More performance when updating graph

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Cedric Dunsch
Cedric Dunsch on 1 Apr 2022
Commented: Steven Lord on 1 Apr 2022
Hello Alltogether,
I'm programming the software for a testbench, there with like 20Hz measurementdata is produced.
The data (Time, Charge,Temperature, Voltage and Current) is saved in three arrays.
Goal is to show a plot with all measurementdata while running the tests.
I want to have a live plot with all measurement data, but while running the prgramm the Array is getting bigger (in the neighbourhood of 2 milion points) and the Plot function is to slow.
At the moment the plot is done by replotting every run of the loop (see Method Update Plot). Is there a way, just to add the new measured values to the existing plot, to gain some performance by not having to replot all the old values that are the same?
classdef plot_controller
%plot_controller: responsible to represent the measured live data.
properties
fig
end
methods
function [obj] = generate_plots(obj)
%generate_plots: generates and prepares figures
% needs: obj
obj.fig = figure;
subplot(2,2,1);
xlabel('time / s');
ylabel('charge / C');
title('Cell charge over time');
subplot(2,2,2);
xlabel('time / s');
ylabel('temperature / °C');
title('Cell temperature over time');
subplot(2,2,[3,4]);
xlabel('time / s');
title('Cell current and voltage over time');
yyaxis left
ylabel('voltage / V')
yyaxis right
ylabel('current / A')
end
function update_plots(obj,charge,voltage,current,temperature,time)
%update_plots: called every loop iteration to update plots
% needs: obj,charge,voltage,current,temperature,time
subplot(2,2,1);
plot(charge,time);
xlabel('time / s');
ylabel('charge / C');
title('Cell charge over time');
subplot(2,2,2);
plot(time,temperature);
xlabel('time / s');
ylabel('temperature / °C');
title('Cell temperature over time');
subplot(2,2,[3,4]);
xlabel('time / s');
yyaxis left
plot(time,voltage);
ylabel('voltage / V')
yyaxis right
plot(time,current);
ylabel('current / A')
legend('voltage','current')
end
end
end

Answers (1)

Geoff Hayes
Geoff Hayes on 1 Apr 2022
@Cedric Dunsch - every time you call plot a new graphics object is created for the axes. I recommend that you create one plot graphics object for each of your four desired plots, and update that whenever your function is called. In order to do that, you will need to save the handle to the plot graphics object and then set the data for that plot on subsequent calls. Something like the following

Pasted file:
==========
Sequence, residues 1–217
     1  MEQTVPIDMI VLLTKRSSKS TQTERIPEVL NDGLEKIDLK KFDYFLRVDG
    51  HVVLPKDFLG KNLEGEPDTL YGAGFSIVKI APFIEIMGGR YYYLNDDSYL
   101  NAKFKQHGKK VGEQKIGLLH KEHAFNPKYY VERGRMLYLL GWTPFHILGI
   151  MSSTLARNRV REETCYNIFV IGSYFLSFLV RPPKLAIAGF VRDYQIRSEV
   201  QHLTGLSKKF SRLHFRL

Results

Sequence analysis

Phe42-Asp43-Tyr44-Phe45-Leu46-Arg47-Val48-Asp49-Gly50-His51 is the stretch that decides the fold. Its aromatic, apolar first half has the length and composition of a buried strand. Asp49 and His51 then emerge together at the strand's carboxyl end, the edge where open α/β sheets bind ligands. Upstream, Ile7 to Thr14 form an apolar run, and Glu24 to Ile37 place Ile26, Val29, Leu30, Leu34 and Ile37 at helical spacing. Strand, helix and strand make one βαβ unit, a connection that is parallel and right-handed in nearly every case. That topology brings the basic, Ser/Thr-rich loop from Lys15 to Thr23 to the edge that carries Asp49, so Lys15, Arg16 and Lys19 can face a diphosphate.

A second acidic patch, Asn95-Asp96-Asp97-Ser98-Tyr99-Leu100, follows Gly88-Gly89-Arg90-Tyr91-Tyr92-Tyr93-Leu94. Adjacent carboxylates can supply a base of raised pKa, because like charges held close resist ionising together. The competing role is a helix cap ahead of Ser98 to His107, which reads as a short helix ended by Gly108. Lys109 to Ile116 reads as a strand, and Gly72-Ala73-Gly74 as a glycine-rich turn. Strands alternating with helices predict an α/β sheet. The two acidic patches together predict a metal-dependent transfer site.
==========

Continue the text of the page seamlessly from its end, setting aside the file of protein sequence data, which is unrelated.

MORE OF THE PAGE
classdef plot_controller
%plot_controller: responsible to represent the measured live data.
properties
fig
hPlotChargeVsTime
end
methods
function [obj] = generate_plots(obj)
%generate_plots: generates and prepares figures
% needs: obj
obj.fig = figure;
subplot(2,2,1);
obj.hPlotChargeVsTime = plot(NaN,NaN);
xlabel('time / s');
ylabel('charge / C');
title('Cell charge over time');
end
function update_plots(obj,charge,voltage,current,temperature,time)
%update_plots: called every loop iteration to update plots
% needs: obj,charge,voltage,current,temperature,time
if (isnan(obj.hPlotChargeVsTime.XData))
set(obj.hPlotChargeVsTime, 'XData', time, 'YData', charge);
else
xData = [get(obj.hPlotChargeVsTime, 'XData') time];
yData = [get(obj.hPlotChargeVsTime, 'YData') charge];
set(obj.hPlotChargeVsTime, 'XData', xData, 'YData', yData);
end
end
end
end
I'm not sure if this will improve performance though especially as you say there are 2 million points in the array. In the above code, I'm assuming that only the latest points are passed to the update_plots method. If that is not the case, and arrays are passed instead, then you will need to adjust your code so that only the most recent data is passed. Note that I don't know if this will help (given the number of data points) but you will have only 4 plot objects rather than the many more.
  1 Comment
Steven Lord
Steven Lord on 1 Apr 2022
That's the first of the animation techniques listed in the "Animation Techniques" topic in the Animation section of the documentation.
2 million points probably fits in memory, but it might be worth seeing if storing the data as a tall array would be worthwhile, especially if you're planning to expand this analysis to even more data in the future. The plot function is supported for use with a tall array input.

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